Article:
lunes, 13 de septiembre de 2010

Pachymetry Assisted Laser Keratoplasty (PALK): a new approach to an old technique

Pachymetry Assisted Laser Keratoplasty (PALK): a new approach to an old technique. By Cesar Carriazo MD.


Same corneal disease (e.g. leukomas, irregularities, and dystrophies) may compromise only the anterior portion of the cornea. In that scenario, it is undesirable to treat the unaffected Descemet's membrane and the endothelium. Those patients usually have been treated by lamellar resection of the anterior portion of the cornea, which is replaced by a donor lamellar graft. These techniques are called lamellar keratoplasty or homoplastic lamellar keratomileusis.
The advantages of lamellar keratoplasty (LK) over penetrating keratoplasty (PKP) are: (1) shorter visual rehabilitation; (2) decrease in astigmatism induction; (3) lower risk of infection and graft rejection; (4) lower incidence of intraoperative complications; and (5) the possibility of using stored donor tissue. Despite all these advantages, eyes treated with LK usually do not present the same optical quality achieved with PKP. The host-donor interface is frequently irregular which leads to irregular astigmatism and poor visual outcomes.  Additionally, technical difficulties prevent it from being a popular procedure.
In this chapter we  present a new technique for lamellar keratoplasty, using excimer laser ablation guided by pachymetric data (pachymetry asisted laser keratoplasty; PALK). This technique has all the advantages of lamellar procedures but it also provides a uniform corneal thickness due to a smooth receptor surface leading to a good optical performance.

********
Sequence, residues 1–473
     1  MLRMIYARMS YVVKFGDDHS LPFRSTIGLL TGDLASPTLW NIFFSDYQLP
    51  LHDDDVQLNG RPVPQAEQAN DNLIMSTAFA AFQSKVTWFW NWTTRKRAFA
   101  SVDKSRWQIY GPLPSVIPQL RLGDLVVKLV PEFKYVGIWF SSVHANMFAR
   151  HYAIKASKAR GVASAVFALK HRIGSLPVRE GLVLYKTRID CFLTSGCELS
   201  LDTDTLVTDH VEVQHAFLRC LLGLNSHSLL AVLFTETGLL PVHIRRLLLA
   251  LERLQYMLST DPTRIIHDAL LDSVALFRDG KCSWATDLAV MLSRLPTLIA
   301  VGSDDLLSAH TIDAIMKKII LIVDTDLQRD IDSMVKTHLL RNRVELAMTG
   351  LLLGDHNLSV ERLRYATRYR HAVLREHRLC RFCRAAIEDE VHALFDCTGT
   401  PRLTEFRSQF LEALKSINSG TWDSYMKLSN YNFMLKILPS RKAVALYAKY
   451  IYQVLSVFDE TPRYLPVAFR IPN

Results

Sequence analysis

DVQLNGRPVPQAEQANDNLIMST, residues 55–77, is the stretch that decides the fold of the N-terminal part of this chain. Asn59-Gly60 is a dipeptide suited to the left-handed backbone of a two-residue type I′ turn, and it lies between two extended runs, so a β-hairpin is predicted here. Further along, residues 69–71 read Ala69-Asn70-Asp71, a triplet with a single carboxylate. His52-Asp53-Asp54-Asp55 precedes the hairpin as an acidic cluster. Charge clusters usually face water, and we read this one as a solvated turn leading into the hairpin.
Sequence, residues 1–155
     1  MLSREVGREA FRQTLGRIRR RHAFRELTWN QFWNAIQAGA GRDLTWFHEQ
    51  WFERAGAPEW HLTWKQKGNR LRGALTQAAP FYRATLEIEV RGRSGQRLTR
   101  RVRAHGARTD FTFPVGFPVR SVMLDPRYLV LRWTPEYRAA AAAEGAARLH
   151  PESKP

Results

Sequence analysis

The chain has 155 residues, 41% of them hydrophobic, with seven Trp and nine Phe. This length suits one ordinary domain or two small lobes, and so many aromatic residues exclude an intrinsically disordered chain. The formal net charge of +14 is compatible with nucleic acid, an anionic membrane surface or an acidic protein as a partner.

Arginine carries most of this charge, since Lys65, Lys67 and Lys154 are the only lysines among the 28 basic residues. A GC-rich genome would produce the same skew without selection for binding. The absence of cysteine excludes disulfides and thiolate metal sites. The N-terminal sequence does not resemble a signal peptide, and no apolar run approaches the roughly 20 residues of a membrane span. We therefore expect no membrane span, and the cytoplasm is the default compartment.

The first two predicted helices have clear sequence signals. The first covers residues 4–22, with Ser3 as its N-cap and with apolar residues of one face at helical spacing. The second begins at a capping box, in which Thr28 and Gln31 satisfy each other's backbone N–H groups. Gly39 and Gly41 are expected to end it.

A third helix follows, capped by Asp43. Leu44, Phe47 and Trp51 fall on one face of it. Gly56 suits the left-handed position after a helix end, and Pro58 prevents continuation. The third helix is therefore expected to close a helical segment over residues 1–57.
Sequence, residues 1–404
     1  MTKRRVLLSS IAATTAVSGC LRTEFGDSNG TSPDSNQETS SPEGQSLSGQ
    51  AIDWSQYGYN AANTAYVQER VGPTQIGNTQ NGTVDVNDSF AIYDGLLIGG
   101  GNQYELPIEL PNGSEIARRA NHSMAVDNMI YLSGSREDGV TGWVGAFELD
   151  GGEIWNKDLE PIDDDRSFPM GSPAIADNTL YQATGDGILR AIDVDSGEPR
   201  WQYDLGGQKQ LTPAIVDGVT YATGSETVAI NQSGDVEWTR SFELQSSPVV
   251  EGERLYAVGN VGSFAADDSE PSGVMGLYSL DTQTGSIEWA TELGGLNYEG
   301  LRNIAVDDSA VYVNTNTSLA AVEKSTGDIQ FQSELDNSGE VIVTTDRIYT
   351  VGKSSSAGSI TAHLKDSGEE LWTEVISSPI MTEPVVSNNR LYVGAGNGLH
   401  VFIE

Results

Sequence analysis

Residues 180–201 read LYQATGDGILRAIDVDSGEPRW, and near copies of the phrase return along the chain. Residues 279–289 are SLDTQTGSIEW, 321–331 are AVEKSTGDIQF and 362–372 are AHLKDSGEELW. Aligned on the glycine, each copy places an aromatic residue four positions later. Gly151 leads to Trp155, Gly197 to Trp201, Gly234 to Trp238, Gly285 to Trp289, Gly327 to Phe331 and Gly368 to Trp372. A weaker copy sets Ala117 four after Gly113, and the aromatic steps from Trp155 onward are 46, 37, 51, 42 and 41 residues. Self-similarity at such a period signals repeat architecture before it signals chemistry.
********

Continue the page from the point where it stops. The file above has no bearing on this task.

Surgical Technique - Pachymetry Assisted Laser Keratoplasty (PALK)

In conventional automated lamellar keratoplasties a corneal donor disk is obtained from a whole ocular globe or from an artificial chamber-mounted corneal scleral button, using a microkeratome system without stopper.  Corneal scleral buttons must have at least a 16mm diameter to fit an artificial chamber. Thickness and diameters of the corneal lamellar cut can be determined by using different microkeratome heads and suction rings.
In our technique (PALK) we use the same procedure for pathologies like leukomas or irregularities of the corneal anterior surface (<300 microns of depth). In case where the posterior layers of the cornea are compromised or a corneal ecstasy is found, we use a trephine that creates a full thickness donor disc with vertical edges that fulfill the requirements of the patient. The desired thickness of the lenticule is then obtained using an excimer laser (Esiris, Schwind, Germany). The laser is applied onto the endothelial face with the PTL program.  The depth of deep stromal ablation is calculated to match the patient's requirement.

Diagrammatic illustration of surgical procedure


This procedure is performed using topical anesthesia since we need the patient's collaboration in order to get the laser fixation. The ablation guided by pachymetry can be achieved manually or automatically.  In the manual procedure, the host cornea is marked with violet dye.  A marker presenting eight radial and two circular lines is used. After this, we measure the thickness of the cornea in 17 predetermined points using a Sonogage pachymeter. These results, along with clinical and personal data, are transferred to a computer software (Pachy-Link Software). The diameter of the Optical Zone, the pachymetric values, and the position of the 17 points are the most relevant data. If needed, the number of thickness mesasurements can be altered by the surgeon.
In the automatic system we use a slit-lamp-based (via rotating camera) full map pachymeter - the Oculus Pentacam. After this informacion is obtained it is processed directly by the PACHY-LINK software in its own pachymetric map, which automatically generates the ablation profile map that is going to be used on the patient.
The target posterior stromal bed thickness and the optical zone are selected by the surgeon and depend on the preoperative evaluation (e.g. corneal disease, depth of compromised area).